Sounds ominous doesn't it? I suppose it is for these little guys...
I'm gonna show you how to hatch the pupae and feed your mantids, chameleons or other fly munching critters, I'm sure you could use this technique to even feed your fly traps and other CPs if they don't get access to real flies. Without further ado, let's get on with the killing!
This is what an order of 500 Blue bottle Fly pupae looks like. They are sent in aspen bedding and are cleaned so are safe to handle but I just shake some into a 32 oz bug cup. Always wash your hands if you do touch them just because.
Keep the pupae in the warmest part of the refrigerator, too cold and they won't last too long too warm and they hatch (not likely in the fridge) but if you can get the temps to 40-45*F they will last a good long time. Mine sit next to a cardboard box full of seeds and spores of various plants so they're sheltered from any direct blasts of cold air. People who's fridges are 32*F get only a couple weeks with their pupae I've had pupae last a month before they quit hatching.
I hatch my flies in the terrarium supply shelf it's made from large drop-front shoebox bins from The Container Store. They just fit the big bug cups perfectly and I can see exactly what's in each bin. I hatch two jars at a time and alternate so the flies get a day to rest up between feedings, also ensures whichever flies are gonna hatch will before I dump the cups of empty pupae.
This shot is just so people know the difference in size between blue bottles (L) and large size heydei fruit flies (R). You can't raise most mantids on fruit flies forever, only until they are through their first molt or so.
How do you get the buzzing flies into the mantid vivariums without the flies all over the house? 5 minutes in the freezer!
"Ding!" They are all stunned and unmoving at the bottom of the hatching bin ready to be fed out to the mantids.
Using the tongs drop one or more flies in each vivarium, within 5 minutes of leaving the freezer they will wake up and start buzzing around again. You do have to be fast in feeding them out if you have a large collection to get everyone fed before the flies wake up. If they do get out just use a clean empty fly cup and trap them with it and cap the end.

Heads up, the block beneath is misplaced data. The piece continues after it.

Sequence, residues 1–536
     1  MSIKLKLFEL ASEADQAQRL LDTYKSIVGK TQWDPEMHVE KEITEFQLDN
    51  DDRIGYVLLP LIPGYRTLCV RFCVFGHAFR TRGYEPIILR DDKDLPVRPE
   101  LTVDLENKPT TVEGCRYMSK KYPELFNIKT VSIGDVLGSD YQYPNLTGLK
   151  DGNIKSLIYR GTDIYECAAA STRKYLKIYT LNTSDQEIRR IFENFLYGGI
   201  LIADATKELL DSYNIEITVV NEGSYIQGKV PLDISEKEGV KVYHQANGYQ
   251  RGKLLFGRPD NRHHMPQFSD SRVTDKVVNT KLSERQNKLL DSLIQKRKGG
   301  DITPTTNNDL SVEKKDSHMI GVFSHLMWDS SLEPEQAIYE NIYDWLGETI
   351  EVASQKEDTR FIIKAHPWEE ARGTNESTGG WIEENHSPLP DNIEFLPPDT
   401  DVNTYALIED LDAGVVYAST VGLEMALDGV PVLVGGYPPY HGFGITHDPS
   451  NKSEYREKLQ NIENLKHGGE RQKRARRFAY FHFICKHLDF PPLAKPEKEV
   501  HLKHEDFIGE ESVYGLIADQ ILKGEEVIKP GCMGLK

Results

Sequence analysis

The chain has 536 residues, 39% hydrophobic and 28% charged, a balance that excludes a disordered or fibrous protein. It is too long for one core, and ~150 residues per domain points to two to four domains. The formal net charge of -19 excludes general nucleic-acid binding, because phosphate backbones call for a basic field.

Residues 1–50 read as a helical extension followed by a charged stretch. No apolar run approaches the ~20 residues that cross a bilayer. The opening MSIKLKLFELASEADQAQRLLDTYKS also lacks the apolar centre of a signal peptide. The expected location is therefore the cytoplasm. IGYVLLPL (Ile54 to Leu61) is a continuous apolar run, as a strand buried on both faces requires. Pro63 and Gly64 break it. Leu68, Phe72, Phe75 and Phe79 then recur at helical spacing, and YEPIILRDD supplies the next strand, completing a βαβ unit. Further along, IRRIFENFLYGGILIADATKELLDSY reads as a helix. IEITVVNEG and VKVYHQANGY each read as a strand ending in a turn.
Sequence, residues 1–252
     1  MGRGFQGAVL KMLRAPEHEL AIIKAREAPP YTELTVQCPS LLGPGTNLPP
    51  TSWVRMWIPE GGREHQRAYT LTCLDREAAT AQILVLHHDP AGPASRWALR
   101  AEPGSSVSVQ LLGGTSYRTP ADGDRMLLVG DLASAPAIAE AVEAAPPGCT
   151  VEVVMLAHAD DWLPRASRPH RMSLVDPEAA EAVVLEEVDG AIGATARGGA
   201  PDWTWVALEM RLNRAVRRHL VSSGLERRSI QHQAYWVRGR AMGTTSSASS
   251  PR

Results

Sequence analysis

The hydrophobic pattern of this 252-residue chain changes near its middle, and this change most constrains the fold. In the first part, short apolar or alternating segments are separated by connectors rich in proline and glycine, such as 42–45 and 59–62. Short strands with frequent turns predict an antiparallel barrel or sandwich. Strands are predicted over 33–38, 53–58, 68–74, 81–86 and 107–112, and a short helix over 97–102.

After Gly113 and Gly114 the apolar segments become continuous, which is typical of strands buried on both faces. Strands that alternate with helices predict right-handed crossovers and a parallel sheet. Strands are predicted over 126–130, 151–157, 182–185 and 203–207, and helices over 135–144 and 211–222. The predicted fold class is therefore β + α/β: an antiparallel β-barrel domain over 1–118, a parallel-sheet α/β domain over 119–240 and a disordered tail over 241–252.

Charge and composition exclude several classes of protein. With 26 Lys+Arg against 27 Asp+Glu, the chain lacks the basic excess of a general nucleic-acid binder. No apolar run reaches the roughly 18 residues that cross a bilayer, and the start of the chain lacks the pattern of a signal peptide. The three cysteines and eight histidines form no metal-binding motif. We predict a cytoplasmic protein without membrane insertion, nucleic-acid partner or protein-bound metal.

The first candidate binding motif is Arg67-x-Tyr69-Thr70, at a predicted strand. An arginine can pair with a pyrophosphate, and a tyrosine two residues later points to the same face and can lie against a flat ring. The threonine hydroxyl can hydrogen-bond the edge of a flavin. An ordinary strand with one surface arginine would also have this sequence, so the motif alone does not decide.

And the just deserts for all the effort
I buy fly pupae from here: mantisplace.com
I prefer the Blue Bottle Flies because they are a bigger meal and have a far better hatch rate compared to the smaller houseflies. Infact I've never been satisfied with the hatch rate of houseflies.
You may have noticed the colored soda bottle caps in the fly cups, these contain a pinch of fly chow to power up the flies before the mantids get them.
My flies get a dry mix of 25% powered milk, 25% powdered sugar, 25% powedred Bee Pollen and 25% Honey Powder, these last two are to simulate flower pollen that flower and leaf mantids would be getting from their flying prey in the wild. Some people dust the flies in the stuff but if they eat it they will have the vitamins. You get the last two ingredients at the health food store.
Happy fly hatching!
Note that certain mantids like the common Chinese garden mantis and other more ground dwelling species will readily accept crickets and roaches but the small arboreal mantids I own (Ghosts and Spiny Flowers) do best on flies and moths almost exclusively since they live almost their entire lives upside down from the ceiling of their vivariums so the food needs to go to them up there. When they do come down to a twig or plant or even the ground it's photo time because it's like seeing bigfoot. I have had them eat small crickets but sometimes they will just watch them for days on end until I remove the crickets and give them flies.